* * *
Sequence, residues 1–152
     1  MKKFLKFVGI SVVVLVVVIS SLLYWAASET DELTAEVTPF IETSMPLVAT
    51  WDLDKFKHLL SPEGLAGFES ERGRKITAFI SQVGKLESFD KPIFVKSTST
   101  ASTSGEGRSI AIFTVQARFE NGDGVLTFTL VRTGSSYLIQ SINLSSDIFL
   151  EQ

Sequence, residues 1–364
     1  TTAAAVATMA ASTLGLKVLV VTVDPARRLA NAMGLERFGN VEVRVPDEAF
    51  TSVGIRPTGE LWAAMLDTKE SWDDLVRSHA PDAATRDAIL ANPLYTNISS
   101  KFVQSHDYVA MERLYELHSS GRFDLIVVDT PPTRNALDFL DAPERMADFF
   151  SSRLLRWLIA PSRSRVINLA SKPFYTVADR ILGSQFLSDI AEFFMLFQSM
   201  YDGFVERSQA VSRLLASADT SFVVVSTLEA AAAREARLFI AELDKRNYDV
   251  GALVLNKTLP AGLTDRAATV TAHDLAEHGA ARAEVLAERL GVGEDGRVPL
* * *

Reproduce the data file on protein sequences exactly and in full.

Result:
Sequence, residues 1–152
     1  MKKFLKFVGI SVVVLVVVIS SLLYWAASET DELTAEVTPF IETSMPLVAT
    51  WDLDKFKHLL SPEGLAGFES ERGRKITAFI SQVGKLESFD KPIFVKSTST
   101  ASTSGEGRSI AIFTVQARFE NGDGVLTFTL VRTGSSYLIQ SINLSSDIFL
   151  EQ

Sequence, residues 1–364
     1  TTAAAVATMA ASTLGLKVLV VTVDPARRLA NAMGLERFGN VEVRVPDEAF
    51  TSVGIRPTGE LWAAMLDTKE SWDDLVRSHA PDAATRDAIL ANPLYTNISS
   101  KFVQSHDYVA MERLYELHSS GRFDLIVVDT PPTRNALDFL DAPERMADFF
   151  SSRLLRWLIA PSRSRVINLA SKPFYTVADR ILGSQFLSDI AEFFMLFQSM
   201  YDGFVERSQA VSRLLASADT SFVVVSTLEA AAAREARLFI AELDKRNYDV
   251  GALVLNKTLP AGLTDRAATV TAHDLAEHGA ARAEVLAERL GVGEDGRVPL